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Instructions for Form 1040-EZ

Lines 13a Through 13d

Fast refunds!
Choose direct deposit—a fast, simple, safe, secure way to have your refund deposited automatically into your checking or savings account, including an individual retirement arrangement (IRA). For more information about IRAs, see IRA, later.
If you want us to directly deposit the amount shown on line 13a to your checking or savings account, including an IRA, at a bank or other financial institution (such as a mutual fund, brokerage firm, or credit union) in the United States:
If you do not want your refund directly deposited to your account, do not check the box on line 13a. Draw a line through the boxes on lines 13b and 13d. We will send you a check instead.
Do not request a deposit of your refund to an account that is not in your name, such as your tax preparer's account. Do not allow your tax preparer to deposit any part of your refund into his or her account. The number of direct deposits to a single account or prepaid debit card is limited to three refunds a year. After this limit is exceeded, paper checks will be sent instead. Learn more at

Why Use Direct Deposit?

If you file a joint return and check the box on line 13a and attach Form 8888 or fill in lines 13b through 13d, your spouse may get at least part of the refund.
You can have your refund (or part of it) directly deposited to a traditional IRA, Roth IRA, or SEP-IRA, but not a SIMPLE IRA. You must establish the IRA at a bank or other financial institution before you request direct deposit. Make sure your direct deposit will be accepted. You must also notify the trustee or custodian of your account of the year to which the deposit is to be applied (unless the trustee or custodian will not accept a deposit for 2014). If you do not, the trustee or custodian can assume the deposit is for the year during which you are filing the return. For example, if you file your 2014 return during 2015 and do not notify the trustee or custodian in advance, the trustee or custodian can assume the deposit to your IRA is for 2015. If you designate your deposit to be for 2014, you must verify that the deposit was actually made to the account by the due date of the return (without regard to extensions). If the deposit is not made by that date, the deposit is not an IRA contribution for 2014. If you make a contribution to a traditional IRA for 2014, you may be able to take an IRA deduction, but you must file Form 1040A or 1040 to do so.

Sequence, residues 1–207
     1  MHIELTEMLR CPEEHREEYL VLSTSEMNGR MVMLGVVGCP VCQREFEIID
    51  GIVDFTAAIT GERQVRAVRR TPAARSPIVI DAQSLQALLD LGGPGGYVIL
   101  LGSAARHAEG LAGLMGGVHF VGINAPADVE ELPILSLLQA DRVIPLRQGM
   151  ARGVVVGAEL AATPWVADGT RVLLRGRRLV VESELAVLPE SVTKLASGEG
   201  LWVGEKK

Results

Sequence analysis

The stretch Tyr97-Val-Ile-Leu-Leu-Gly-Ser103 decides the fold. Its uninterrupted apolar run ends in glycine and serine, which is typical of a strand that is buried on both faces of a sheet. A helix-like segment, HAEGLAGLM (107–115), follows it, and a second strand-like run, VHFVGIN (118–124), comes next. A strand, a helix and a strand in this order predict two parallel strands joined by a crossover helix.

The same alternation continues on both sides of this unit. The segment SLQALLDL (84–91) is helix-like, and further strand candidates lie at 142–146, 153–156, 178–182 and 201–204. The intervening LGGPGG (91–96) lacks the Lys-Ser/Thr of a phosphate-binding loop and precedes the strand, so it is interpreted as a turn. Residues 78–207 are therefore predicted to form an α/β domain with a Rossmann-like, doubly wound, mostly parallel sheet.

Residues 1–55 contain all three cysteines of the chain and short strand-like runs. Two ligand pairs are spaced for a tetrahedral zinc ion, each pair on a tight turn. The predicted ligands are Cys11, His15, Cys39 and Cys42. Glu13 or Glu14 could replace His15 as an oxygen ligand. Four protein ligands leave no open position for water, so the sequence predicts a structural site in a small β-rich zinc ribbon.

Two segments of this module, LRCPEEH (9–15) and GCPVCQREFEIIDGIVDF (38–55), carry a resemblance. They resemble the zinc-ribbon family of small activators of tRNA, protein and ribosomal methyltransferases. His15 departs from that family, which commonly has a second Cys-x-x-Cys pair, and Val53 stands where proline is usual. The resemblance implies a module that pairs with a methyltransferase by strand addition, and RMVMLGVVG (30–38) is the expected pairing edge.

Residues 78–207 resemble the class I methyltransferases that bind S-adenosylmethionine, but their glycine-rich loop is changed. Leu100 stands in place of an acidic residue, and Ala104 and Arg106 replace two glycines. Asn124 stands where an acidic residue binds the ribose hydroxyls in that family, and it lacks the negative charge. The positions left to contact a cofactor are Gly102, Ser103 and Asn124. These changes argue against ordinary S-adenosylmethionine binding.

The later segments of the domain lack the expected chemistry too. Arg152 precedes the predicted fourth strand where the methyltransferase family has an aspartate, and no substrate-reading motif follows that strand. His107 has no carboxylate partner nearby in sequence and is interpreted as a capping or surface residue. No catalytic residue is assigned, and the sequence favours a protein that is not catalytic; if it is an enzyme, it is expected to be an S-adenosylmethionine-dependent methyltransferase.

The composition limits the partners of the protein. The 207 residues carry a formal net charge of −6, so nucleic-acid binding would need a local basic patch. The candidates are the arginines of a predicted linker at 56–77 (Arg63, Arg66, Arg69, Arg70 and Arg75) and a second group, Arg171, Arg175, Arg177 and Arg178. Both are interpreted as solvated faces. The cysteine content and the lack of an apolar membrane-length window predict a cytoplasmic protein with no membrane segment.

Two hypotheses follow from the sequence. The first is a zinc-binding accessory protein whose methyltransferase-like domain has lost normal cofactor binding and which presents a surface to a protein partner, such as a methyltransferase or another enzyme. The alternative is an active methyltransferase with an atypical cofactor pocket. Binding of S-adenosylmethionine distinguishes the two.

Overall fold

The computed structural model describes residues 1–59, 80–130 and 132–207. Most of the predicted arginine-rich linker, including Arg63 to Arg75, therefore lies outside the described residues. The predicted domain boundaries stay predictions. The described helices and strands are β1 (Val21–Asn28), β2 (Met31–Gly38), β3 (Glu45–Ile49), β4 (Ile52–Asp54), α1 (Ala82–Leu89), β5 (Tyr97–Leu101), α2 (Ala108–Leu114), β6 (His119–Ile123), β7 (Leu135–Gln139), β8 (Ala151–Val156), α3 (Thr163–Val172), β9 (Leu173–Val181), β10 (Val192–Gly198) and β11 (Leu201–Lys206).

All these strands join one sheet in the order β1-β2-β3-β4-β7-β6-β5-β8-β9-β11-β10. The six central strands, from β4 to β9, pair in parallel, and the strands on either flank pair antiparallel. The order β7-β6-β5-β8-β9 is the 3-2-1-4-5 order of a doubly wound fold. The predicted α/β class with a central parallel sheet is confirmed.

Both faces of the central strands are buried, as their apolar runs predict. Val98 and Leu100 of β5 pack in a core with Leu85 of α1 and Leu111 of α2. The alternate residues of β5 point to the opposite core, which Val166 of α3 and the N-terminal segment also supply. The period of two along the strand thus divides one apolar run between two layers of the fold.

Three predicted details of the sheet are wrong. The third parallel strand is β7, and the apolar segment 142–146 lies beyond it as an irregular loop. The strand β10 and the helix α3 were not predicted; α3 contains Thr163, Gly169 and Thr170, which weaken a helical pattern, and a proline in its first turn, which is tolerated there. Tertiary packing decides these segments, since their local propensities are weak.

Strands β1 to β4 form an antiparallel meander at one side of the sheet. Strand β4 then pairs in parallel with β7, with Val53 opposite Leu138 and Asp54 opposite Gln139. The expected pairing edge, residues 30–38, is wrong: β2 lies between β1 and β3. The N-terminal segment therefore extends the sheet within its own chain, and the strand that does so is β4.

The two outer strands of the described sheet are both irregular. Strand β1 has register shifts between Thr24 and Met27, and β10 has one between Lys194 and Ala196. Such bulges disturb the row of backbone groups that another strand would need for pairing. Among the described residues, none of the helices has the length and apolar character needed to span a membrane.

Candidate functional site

You and your spouse each may be able to contribute up to $5,500 ($6,500 if age 50 or older at the end of 2014) to a traditional IRA or Roth IRA for 2014. You may owe a penalty if your contributions exceed these limits and the limits may be lower depending on your income. For more information on IRA contributions, see Pub. 590-A. If the limits on IRA contributions change for 2015, Pub. 590-A will have the new 2015 limits.
For more information on IRAs, see Pub. 590-A and Pub. 590-B.
You can request a deposit of your refund (or part of it) to a TreasuryDirect® online account to buy U.S. Treasury marketable securities and savings bonds. For more information, go to
Form 8888.
You can have your refund directly deposited into more than one account or use it to buy up to $5,000 in paper series I savings bonds. You do not need a TreasuryDirect® account to do this. For more information, see the Form 8888 instructions.

Line 13a

You cannot file Form 8888 to split your refund into more than one account or buy paper series I savings bonds if Form 8379 is filed with your return.

Line 13b

The routing number must be nine digits. The first two digits must be 01 through 12 or 21 through 32. On the sample check later, the routing number is 250250025. Henry and Naomi Maple would use that routing number unless their financial institution instructed them to use a different routing number for direct deposits.
Ask your financial institution for the correct routing number to enter on line 13b if:

Line 13c

Check the appropriate box for the type of account. Do not check more than one box. If the deposit is to an account such as an IRA, health savings account, brokerage account, or other similar account, ask your financial institution whether you should check the Checking or Savings box. You must check the correct box to ensure your deposit is accepted. For a TreasuryDirect® online account, check the Savings box.

Line 13d

The account number can be up to 17 characters (both numbers and letters). Include hyphens but omit spaces and special symbols. Enter the number from left to right and leave any unused boxes blank. On the sample check below, the account number is 20202086. Do not include the check number.
If the direct deposit to your account(s) is different from the amount you expected, you will receive an explanation in the mail about 2 weeks after your refund is deposited.

Sample Check—Lines 13b Through 13d taxmap/instr/i1040ez-029.htm#en_us_publink12063zd0e10004
Sample Check - Lines 13b through 13d Text DescriptionSample Check - Lines 13b through 13d   

Reasons Your Direct Deposit Request May Be Rejected

If any of the following apply, your direct deposit request will be rejected and a check will be sent instead.
The IRS is not responsible for a lost refund if you enter the wrong account information. Check with your financial institution to get the correct routing and account numbers and to make sure your direct deposit will be accepted.